“Once again, investors see China plays as the only investment game in town….I remain convinced we are witnessing a bubble of epic proportions which will burst – catching investors as unawares as the bursting of the Asian bubbles of the mid-1990s.”
China’s leading indicator is pointing towards a very significant slowdown in economic growth ahead. The last time the Chinese OECD leading indicator was this weak, commodity prices had just reached their euphoric mid-2008 peak, having spent the first half of the year resolutely ignoring the clear signals that the economy was about to slow sharply. Commodity and EM bulls ignore the weak Chinese leading indicator at their peril.
It’s not just the OECD leading indicator that is very weak. The Chinese National Bureau of Statistics publishes its own leading indicator. And it absolutely confirms the OECD’s version of the future:
Finally, Bloomberg reports that Fitch Ratings is performing analysis of what would happen if China’s economic growth halved to 5% in 2011; although it does not predict such an outcome. Here are the best bits from the article.
If China did slow markedly, Fitch says, the fallout would have negative consequences for sovereign and corporate credit risks of trading partners such as Australia, Hong Kong, Malaysia, Singapore, South Korea and Taiwan. Commodities markets would take a sizeable hit, as would industries such as auto making, chemicals, heavy manufacturing and steel. All export industries would be rocked…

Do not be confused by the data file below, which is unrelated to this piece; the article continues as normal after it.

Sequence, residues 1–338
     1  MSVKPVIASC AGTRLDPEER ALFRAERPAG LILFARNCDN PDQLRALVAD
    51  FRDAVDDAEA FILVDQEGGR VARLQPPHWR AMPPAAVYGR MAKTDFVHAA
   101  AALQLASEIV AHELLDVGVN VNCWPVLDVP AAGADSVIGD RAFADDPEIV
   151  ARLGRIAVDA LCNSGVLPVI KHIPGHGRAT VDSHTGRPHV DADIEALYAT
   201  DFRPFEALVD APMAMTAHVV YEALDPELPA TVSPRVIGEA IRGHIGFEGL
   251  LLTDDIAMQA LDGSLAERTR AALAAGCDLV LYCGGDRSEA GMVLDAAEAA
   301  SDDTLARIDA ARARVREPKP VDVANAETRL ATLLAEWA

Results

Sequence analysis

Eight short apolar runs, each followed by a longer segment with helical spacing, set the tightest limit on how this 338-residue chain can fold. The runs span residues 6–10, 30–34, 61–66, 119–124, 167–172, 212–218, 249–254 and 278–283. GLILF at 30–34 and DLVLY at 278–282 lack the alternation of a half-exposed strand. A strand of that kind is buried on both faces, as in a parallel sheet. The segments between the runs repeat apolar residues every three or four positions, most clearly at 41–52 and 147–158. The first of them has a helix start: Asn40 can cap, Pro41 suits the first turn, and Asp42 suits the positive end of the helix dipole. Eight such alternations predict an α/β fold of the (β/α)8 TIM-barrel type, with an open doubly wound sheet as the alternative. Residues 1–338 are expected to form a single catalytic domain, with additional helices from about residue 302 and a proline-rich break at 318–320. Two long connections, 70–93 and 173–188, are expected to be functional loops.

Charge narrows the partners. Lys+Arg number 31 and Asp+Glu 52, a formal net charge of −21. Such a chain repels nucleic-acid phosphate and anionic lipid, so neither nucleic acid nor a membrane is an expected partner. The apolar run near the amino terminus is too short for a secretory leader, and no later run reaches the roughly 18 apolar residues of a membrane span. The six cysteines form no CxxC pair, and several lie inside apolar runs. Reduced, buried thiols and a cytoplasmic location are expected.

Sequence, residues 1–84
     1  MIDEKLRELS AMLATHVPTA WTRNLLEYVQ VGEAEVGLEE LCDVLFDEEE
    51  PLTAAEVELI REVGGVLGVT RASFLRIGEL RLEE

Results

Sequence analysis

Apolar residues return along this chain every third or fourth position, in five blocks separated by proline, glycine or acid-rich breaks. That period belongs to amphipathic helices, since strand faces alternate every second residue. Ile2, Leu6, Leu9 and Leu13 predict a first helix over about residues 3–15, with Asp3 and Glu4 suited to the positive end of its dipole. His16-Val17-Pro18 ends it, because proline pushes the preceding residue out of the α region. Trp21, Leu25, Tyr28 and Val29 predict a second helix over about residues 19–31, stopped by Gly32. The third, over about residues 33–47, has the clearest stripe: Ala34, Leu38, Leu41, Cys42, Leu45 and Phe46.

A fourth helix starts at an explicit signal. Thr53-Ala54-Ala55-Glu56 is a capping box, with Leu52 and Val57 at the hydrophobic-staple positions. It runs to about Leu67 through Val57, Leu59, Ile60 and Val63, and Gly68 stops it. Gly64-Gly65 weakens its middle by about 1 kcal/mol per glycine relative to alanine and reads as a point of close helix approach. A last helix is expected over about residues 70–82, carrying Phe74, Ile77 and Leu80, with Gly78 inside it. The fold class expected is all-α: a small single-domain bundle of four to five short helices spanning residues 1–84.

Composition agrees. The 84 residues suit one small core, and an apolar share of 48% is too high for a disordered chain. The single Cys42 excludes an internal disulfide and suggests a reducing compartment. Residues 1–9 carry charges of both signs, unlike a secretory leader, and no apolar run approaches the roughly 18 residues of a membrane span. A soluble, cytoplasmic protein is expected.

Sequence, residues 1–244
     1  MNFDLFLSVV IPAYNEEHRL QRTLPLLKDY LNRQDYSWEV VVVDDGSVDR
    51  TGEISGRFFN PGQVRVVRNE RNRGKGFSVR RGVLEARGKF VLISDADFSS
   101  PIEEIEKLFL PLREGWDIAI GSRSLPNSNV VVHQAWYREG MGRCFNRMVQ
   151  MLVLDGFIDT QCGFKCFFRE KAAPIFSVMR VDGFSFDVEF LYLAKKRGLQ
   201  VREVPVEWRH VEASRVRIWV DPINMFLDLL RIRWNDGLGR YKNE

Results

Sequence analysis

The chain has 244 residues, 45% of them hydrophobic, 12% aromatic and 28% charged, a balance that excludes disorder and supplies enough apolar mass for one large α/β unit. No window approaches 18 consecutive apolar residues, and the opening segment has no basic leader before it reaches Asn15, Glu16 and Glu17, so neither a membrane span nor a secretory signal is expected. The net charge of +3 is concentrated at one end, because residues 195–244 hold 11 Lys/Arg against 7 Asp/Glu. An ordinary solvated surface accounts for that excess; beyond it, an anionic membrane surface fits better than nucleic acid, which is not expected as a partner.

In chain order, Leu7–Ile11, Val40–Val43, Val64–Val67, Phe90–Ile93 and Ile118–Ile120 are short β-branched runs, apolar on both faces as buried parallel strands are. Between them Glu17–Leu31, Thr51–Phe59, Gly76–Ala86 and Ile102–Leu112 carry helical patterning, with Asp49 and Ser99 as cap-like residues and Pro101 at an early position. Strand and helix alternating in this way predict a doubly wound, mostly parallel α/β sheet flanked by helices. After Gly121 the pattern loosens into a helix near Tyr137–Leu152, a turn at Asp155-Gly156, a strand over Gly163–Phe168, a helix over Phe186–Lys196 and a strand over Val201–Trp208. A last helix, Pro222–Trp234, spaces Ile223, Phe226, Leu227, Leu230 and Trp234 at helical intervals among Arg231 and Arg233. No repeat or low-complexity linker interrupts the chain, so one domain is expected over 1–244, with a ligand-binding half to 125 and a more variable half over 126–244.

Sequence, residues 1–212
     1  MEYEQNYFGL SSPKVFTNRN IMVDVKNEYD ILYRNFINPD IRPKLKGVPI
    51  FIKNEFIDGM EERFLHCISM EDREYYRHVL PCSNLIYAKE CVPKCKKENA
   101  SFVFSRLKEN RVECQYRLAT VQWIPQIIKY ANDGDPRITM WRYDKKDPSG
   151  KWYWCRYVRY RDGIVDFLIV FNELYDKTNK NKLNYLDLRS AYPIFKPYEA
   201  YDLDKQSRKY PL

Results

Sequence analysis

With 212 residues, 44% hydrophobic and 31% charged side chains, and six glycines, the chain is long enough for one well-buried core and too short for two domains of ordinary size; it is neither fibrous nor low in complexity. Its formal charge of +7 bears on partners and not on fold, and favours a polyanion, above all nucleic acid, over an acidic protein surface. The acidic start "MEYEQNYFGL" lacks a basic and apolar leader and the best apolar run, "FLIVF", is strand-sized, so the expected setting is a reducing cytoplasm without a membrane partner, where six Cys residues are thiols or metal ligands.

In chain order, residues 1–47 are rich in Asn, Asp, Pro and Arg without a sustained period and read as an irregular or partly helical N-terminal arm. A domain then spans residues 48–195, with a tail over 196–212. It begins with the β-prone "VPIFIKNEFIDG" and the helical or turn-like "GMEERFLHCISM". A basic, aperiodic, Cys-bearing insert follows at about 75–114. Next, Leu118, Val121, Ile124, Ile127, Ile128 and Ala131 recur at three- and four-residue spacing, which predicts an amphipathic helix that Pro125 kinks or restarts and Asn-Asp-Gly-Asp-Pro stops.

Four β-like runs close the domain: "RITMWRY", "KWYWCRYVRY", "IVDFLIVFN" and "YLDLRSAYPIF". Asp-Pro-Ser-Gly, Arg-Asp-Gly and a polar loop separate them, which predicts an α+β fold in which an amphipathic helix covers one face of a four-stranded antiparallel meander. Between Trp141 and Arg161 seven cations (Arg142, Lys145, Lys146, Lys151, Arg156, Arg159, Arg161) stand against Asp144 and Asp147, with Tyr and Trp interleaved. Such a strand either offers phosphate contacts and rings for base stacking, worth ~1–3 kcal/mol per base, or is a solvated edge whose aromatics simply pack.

Increased market volatility would be another side effect. Risk aversion and potential financial contagion emanating from China would be the last thing the world economy needs. The hobbling of a key economic pillar might shock markets already on edge…
For a nation at China’s level of development, 5 percent growth is crisis territory. The chances of social unrest would explode among the nation’s 1.3 billion people, putting the onus on the government to take drastic measures to boost growth…
There’s also a bad-loan risk. Recent data show that Chinese credit growth hasn’t really slowed from 2009’s rapid pace. The reason: new bank lending has been offset by a surge in off- balance-sheet loans. So in other words, all those efforts in Beijing to rein in credit are coming to naught…